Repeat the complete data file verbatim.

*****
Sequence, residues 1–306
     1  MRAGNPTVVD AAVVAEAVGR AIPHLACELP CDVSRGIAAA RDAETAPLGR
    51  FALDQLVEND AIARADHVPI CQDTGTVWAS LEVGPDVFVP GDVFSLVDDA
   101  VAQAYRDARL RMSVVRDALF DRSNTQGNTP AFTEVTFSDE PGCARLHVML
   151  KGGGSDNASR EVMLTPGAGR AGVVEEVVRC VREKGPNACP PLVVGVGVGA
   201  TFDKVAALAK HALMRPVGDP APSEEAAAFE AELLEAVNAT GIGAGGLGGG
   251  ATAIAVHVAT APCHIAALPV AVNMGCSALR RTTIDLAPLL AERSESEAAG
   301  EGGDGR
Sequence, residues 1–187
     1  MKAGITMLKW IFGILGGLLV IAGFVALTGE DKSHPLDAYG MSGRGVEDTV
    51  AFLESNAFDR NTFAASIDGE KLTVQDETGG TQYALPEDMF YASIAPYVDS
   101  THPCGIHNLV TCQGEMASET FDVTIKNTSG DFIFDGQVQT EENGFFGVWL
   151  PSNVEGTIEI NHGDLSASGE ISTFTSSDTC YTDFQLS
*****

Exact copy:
Sequence, residues 1–306
     1  MRAGNPTVVD AAVVAEAVGR AIPHLACELP CDVSRGIAAA RDAETAPLGR
    51  FALDQLVEND AIARADHVPI CQDTGTVWAS LEVGPDVFVP GDVFSLVDDA
   101  VAQAYRDARL RMSVVRDALF DRSNTQGNTP AFTEVTFSDE PGCARLHVML
   151  KGGGSDNASR EVMLTPGAGR AGVVEEVVRC VREKGPNACP PLVVGVGVGA
   201  TFDKVAALAK HALMRPVGDP APSEEAAAFE AELLEAVNAT GIGAGGLGGG
   251  ATAIAVHVAT APCHIAALPV AVNMGCSALR RTTIDLAPLL AERSESEAAG
   301  EGGDGR
Sequence, residues 1–187
     1  MKAGITMLKW IFGILGGLLV IAGFVALTGE DKSHPLDAYG MSGRGVEDTV
    51  AFLESNAFDR NTFAASIDGE KLTVQDETGG TQYALPEDMF YASIAPYVDS
   101  THPCGIHNLV TCQGEMASET FDVTIKNTSG DFIFDGQVQT EENGFFGVWL
   151  PSNVEGTIEI NHGDLSASGE ISTFTSSDTC YTDFQLS